Narrowboat Tacet

Silent Movement - Our gap year travelling the inland waterways

Saturday 28 September 2013

Ferry ‘Cross the Mersey

Friday dawned bright and sunny, so was deemed to be a day for the seaside.  Question was which one, Crosby Beach or across the river to New Brighton.
New Brighton won the toss, so after Ian had done a bit more of the painting jobs, we set off to Pier Head to catch the mid-day ferry. 

The trip takes us up the estuary with views of the docks and New Brighton beaches before coming back to Seacombe where we then got off and started our walk along the promenade to New Brighton about 2 miles away.

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The river view of the Stanley dock and the Tobacco Warehouse and Docker’s Clock marking the entrance to the Leeds and Liverpool canal and the way we came on Tacet to the Link along the docks.

Walking along the promenade we passed the Wallasey Town Hall, originally opened as a military hospital on 12 August 1916. It is now used as the Council Offices for Wirral Council.
A very grand building facing the river, so most people enter it via the back door!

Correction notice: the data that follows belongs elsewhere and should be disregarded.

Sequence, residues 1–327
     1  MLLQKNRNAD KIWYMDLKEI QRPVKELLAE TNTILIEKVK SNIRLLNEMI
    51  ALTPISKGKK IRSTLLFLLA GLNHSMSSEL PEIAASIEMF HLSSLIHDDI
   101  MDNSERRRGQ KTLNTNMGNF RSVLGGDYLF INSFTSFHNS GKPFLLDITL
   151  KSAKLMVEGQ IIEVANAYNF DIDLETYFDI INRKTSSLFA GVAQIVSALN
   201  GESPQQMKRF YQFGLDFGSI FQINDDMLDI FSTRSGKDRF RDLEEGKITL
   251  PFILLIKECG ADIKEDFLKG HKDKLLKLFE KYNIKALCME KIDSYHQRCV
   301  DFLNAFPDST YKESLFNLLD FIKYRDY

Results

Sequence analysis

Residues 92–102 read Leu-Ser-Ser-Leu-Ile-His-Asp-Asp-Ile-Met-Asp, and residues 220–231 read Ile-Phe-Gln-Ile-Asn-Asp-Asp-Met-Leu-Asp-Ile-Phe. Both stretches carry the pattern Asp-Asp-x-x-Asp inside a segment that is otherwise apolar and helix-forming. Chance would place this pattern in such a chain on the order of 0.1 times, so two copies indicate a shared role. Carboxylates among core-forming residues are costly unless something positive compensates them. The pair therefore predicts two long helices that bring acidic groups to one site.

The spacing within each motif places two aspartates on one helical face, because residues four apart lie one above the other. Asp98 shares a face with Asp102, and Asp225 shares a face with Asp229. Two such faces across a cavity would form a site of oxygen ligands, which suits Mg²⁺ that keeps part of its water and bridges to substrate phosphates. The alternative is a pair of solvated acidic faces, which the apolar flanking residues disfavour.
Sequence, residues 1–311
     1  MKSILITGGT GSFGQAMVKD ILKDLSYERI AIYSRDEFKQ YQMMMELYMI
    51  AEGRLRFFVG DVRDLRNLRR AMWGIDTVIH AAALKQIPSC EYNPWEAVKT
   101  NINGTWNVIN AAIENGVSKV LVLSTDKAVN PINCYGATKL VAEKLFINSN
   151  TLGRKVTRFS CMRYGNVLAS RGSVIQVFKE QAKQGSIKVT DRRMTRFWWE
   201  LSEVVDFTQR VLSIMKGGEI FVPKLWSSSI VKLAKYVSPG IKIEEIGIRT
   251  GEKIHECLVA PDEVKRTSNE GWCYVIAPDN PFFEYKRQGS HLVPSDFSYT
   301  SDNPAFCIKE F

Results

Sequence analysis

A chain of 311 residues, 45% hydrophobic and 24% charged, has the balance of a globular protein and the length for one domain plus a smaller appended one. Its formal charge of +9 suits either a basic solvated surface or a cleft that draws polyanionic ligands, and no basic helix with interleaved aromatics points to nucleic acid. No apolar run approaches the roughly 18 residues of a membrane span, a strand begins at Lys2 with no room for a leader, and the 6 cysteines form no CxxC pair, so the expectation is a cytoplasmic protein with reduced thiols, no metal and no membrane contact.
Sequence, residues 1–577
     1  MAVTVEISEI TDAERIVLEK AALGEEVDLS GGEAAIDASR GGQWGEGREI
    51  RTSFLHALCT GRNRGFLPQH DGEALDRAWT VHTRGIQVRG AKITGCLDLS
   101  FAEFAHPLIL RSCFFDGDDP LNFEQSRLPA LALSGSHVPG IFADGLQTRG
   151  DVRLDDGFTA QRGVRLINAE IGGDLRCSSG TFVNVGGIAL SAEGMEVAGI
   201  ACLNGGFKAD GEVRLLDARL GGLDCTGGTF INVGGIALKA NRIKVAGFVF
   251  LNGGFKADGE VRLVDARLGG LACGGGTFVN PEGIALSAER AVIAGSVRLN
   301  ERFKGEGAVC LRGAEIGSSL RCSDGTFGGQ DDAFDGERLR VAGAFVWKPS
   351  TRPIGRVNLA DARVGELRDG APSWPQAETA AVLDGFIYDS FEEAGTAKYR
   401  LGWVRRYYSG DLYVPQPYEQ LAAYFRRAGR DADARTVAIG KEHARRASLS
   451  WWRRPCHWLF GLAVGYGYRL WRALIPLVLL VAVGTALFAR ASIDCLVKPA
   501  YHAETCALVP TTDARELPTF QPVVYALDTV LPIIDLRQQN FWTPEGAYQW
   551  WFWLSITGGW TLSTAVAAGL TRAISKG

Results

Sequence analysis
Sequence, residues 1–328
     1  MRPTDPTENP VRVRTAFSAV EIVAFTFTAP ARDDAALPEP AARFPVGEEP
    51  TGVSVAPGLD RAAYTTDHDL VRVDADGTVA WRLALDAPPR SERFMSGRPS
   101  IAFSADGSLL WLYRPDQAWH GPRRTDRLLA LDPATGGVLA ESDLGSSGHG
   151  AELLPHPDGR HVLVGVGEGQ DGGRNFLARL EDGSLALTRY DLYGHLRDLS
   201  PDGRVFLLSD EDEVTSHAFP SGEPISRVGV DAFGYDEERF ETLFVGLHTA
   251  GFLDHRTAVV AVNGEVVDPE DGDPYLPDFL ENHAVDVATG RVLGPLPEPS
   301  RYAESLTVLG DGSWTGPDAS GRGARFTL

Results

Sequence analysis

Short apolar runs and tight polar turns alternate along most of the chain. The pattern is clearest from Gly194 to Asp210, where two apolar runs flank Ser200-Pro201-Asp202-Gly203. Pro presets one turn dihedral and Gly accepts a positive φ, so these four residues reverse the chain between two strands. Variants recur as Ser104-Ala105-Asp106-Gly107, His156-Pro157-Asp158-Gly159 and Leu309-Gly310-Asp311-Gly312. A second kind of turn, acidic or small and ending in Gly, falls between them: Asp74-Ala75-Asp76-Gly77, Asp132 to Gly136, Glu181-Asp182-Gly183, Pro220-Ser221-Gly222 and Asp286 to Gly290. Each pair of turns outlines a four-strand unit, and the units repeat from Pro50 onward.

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New Brighton was named by the Liverpool Merchant who bought a large part of the Wirral peninsula in 1830, with plans to make a resort to rival the south coast seaside towns like Bournemouth and Brighton.   Hotels and grand houses were built along the front, a pier was put in and the promenade was built.   There was at one time a tower to rival Blackpool, with ballroom, but it was demolished when it became unsafe after the first world war. It is still a popular seasidey town with lovely sand beaches, and today endless blue skies!
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Perch Rock Fort and Lighthouse make for some arty shots, I must say it’s preferable to photographing ventilation tunnels!
Whoops! the panorama shot must have been a bit jerky.
In good old British seaside tradition we had fish and chips on the beach, well on a bench actually, but very nice it was too.

A ship-wrecked pirate ship on the shore!

A place for young imaginations to play and have fun.


In the ‘old days’ the bell here on the Seacombe harbour, would have guided the ferry in foggy weather.


It wasn’t going to be needed today…..

As we boarded the ferry again the river was busy with large ships coming and going to various places along the river;

large container ships with tugs in attendance,


and this enormous rigging platform, probably going out to the wind farm construction site out at sea.

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Views of Liverpool from the river; the Anglican Cathedral behind Albert Dock, the Three Graces and Albert Dock again with both cathedrals visible at each end of the picture.

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